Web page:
Finances are obviously a huge concern when it comes to choosing the right college, and there is a misconception that the Ivy League schools are much more affordable due to their extensive endowments. It is true that Harvard, Yale, and Princeton have the largest endowments, respectively. However, when this amount is divided by the number of students, the top Liberal Arts Colleges actually have a higher median endowment per student. This means they have more money to spend initially per student, including grants, which would lower the cost of attendance.
In addition, the average net price for a family with an annual income of $75,000-$110,000 is about $20,000 for the Ivy League schools, and only $1,700 more for the Liberal Arts Colleges. However, perhaps due to Liberal Arts Colleges schools needing to be more competitive in the market (in order to counter the “Ivy Reputation” factor),average student debt after four years at an Ivy League College is about $23,000, and only $21,000 for the Liberal Arts schools. So, the price difference between these two kinds of schools is actually very minimal when debt is taken into account as well.
Not only are the top Liberal Arts schools very comparable to the Ivies in both price and quality of education, but they actually come out on top when it comes to relationships with faculty and professors. Over 60% of Liberal Arts students said that their non-teaching staff is “very friendly, helpful, and always accessible.” Only about 40% of Ivy League students said the same.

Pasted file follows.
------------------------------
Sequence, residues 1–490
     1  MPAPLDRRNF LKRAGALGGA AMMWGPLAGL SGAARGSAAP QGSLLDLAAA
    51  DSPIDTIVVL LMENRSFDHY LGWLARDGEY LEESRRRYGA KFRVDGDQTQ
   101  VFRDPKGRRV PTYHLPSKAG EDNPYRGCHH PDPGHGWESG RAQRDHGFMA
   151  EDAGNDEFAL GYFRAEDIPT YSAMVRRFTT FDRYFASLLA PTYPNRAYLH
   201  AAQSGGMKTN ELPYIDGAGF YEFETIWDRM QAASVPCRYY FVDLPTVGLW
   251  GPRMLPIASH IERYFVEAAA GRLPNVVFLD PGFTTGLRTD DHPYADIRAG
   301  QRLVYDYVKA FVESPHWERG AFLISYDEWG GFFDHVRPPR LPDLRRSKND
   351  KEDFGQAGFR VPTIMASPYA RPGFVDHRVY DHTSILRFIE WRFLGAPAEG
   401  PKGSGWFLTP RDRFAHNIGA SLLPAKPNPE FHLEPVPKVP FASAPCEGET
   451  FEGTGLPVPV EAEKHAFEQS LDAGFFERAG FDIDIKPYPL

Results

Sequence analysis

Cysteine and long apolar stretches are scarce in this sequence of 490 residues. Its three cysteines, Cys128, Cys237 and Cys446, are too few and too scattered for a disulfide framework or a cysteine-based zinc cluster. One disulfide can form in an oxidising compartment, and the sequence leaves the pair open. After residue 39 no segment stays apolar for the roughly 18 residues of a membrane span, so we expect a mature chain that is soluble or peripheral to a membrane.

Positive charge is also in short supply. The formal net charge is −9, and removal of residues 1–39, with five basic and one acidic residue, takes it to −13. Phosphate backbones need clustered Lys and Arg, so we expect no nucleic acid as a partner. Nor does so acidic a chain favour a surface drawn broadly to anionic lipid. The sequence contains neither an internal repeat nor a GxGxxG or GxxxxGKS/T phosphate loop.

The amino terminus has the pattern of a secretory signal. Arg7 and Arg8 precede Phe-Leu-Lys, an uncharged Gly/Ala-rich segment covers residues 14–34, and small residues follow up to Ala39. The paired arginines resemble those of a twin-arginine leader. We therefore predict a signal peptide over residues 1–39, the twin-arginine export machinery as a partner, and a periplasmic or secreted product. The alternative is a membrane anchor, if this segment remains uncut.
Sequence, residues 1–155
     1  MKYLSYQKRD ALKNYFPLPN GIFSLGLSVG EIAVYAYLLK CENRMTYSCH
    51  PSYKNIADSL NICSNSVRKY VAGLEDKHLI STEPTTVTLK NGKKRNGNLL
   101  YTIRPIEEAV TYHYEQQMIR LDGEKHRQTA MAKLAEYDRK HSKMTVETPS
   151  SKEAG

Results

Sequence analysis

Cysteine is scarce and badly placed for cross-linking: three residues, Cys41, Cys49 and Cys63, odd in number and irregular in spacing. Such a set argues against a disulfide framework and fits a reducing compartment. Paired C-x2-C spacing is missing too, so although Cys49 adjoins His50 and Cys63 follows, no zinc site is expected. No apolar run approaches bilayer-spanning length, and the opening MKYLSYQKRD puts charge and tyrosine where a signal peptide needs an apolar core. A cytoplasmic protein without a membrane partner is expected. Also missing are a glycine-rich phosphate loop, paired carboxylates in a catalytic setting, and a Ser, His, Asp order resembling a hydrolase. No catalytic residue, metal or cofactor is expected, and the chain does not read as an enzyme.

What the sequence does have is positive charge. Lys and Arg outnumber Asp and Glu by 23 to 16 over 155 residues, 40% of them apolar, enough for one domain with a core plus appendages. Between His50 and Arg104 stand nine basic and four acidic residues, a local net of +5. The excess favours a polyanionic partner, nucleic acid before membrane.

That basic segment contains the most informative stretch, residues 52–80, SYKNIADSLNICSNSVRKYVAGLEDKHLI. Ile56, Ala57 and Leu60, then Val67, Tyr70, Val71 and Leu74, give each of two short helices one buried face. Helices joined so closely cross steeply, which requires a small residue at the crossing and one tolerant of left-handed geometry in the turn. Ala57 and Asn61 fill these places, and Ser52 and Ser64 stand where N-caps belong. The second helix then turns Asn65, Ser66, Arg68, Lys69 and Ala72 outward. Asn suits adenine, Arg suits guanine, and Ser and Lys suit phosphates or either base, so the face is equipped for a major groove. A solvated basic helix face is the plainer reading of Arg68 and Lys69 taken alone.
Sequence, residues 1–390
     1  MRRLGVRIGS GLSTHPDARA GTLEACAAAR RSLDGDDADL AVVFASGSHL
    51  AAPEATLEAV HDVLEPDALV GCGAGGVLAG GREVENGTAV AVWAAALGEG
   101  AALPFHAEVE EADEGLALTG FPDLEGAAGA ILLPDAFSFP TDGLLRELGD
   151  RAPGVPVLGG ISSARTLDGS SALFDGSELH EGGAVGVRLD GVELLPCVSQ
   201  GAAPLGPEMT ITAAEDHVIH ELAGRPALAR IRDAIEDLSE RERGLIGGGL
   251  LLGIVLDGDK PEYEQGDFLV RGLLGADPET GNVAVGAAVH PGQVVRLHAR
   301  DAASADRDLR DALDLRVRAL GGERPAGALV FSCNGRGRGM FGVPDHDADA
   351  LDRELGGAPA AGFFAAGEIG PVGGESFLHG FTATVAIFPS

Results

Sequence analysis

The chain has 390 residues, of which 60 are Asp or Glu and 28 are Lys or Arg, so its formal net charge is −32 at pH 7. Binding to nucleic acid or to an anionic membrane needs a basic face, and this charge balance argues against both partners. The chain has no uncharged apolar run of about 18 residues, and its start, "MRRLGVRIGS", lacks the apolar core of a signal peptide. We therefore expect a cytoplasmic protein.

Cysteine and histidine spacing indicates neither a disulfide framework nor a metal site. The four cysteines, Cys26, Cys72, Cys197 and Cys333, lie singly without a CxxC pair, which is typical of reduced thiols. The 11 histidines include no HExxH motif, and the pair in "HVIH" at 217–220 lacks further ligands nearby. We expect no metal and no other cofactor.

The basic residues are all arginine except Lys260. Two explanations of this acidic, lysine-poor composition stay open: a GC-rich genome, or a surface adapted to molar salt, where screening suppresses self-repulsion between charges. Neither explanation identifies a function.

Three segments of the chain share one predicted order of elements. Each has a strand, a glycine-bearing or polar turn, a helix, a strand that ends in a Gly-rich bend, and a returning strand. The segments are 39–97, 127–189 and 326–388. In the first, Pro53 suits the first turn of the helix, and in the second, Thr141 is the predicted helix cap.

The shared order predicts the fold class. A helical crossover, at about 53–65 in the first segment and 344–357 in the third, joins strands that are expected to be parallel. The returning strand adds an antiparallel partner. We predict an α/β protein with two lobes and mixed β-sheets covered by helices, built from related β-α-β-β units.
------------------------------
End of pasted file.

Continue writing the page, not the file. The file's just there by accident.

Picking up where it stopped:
When it comes to professor relationships, only just over 30% of Ivy students said they talk to their profs outside of class about classroom topics at least once a week, and 30% said they “almost never” have these conversations. Nearly 60% of Liberal Arts students, on the other hand, said they converse with their professors outside of class at least once a week. These top Liberal Arts schools also had better results when asked how “accessible and approachable” professors and faculty are. 70% of Liberal Arts Colleges students described their faculty as “always helpful and approachable,” whereas only 45% of Ivy students responded in this way.
Social life is difficult to quantify for an entire group of schools, as it will vary from college to college. However, our results indicated that social life at the Liberal Arts schools was slightly more centered on-campus than at the Ivy League schools. As a result, college-planned activities also seemed to be a little more well-attended at the Liberal Arts Colleges. This could have to do with the somewhat rural location of most of the Liberal Arts Colleges on our list, but like we said, social scene varies at each school.
When it gets down to the bottom line, about 60% of Ivy League students and 60% of Liberal Arts Colleges students said they were “very satisfied” with their college experience overall. We saw another similar response in that over 70% of students from both types of colleges said they would “definitely recommend” their school to other students.
Clearly an education from any of these 17 schools would highly benefit an ambitious student. What parents and high school students need to understand is that the top Liberal Arts Colleges are very similar to the Ivy League schools, in terms of price and education quality and, in some important categories, the Liberal Arts Colleges trump the highly coveted Ivies.